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Clubfoot, or congenital talipes equinovarus (CTEV), belongs to the category of birth defects that are known as skeletal defects.

What It Is

Clubfoot is a congenital deformity in which one or both feet appear to be rotated out of normal shape or position. The foot is often twisted inwardly, forming a shape that resembles a golf club, which is the image that gives this deformity its name.

Clubfoot is a relatively common birth defect, affecting approximately 1 in every 1,000 live births. It is sometimes linked with other birth disorders, such as spina bifida. Clubfoot does not cause the afflicted infant any discomfort or pain, but will cause complications when the child begins to stand and walk.


  • Affected foot is usually turned inward at birth, sometimes rotated to such a degree that it appears to be upside down
  • Affected foot has an unusually high arch
  • Affected foot lacks full range of motion
  • Calf muscles are often underdeveloped
  • Stiffness in the ankles or foot tendons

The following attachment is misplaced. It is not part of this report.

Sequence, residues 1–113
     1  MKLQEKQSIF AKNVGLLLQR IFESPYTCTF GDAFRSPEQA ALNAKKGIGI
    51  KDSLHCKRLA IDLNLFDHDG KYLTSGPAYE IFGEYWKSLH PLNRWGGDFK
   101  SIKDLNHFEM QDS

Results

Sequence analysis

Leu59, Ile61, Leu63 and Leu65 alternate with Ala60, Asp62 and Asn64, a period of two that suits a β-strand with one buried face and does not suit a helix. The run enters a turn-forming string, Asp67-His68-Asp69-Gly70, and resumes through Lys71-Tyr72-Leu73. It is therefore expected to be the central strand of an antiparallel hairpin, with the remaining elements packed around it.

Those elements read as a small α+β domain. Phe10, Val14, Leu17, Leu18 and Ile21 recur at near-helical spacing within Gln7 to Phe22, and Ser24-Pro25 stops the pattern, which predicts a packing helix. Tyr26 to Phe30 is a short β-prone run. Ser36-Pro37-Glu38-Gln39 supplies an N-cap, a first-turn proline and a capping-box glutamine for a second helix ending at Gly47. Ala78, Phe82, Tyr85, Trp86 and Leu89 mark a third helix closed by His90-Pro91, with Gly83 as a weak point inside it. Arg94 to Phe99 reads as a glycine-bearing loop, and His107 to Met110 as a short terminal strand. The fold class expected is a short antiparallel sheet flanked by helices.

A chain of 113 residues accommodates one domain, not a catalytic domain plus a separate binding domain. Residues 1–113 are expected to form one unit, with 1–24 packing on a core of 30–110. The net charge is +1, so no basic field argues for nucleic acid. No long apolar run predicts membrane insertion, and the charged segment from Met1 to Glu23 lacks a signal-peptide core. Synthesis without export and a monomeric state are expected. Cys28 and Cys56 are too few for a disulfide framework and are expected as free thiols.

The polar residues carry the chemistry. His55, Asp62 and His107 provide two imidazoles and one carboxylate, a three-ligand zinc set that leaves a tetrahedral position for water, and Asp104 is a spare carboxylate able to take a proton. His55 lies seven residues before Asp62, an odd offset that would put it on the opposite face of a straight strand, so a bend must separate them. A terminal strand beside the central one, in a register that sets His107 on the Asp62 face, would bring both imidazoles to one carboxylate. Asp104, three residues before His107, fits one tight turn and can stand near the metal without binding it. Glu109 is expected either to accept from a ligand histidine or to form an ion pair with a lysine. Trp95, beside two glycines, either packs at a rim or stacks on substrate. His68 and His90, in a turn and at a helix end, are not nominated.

• If only present in one foot, the affected foot may be up to one centimeter shorter than the unaffected foot


Anti-depressants: Recent studies have demonstrated a link between maternal use of certain anti-depressant drugs and specific birth defects in babies. Certain SSRI anti-depressant drugs may increase a mother’s risk of delivering a baby with clubfoot by up to 6x, a 2007 research study found. The following drugs, when taken during pregnancy, may increase the likelihood of the fetus’ development of clubfoot:

  • Zoloft
  • Paxil
  • Celexa
  • Prozac
  • Lexapro


Treatment for clubfoot ideally begins soon after birth, while the baby’s bones and joints are still flexible. By treating the child early, her chances will be improved for avoiding long-term disabilities that arise when she beings to walk. Most babies who are treated early have a good chance of full recovery, with the ability to lead normal, active lives.

There are three main types of treatment for clubfoot. The first, the Ponseti method, involves incrementally stretching the foot into the proper position, and placing it in a series of casts to maintain the new position. Following casting, the position is sustained through use of nighttime splints or braces and specially designed exercises. The second method is similar, but uses tape instead of casts, and may take more time and effort than casting. If non-surgical methods are unsuccessful, surgery may be necessary. In this case, surgeons can lengthen tendons to help turn the foot into proper positioning.


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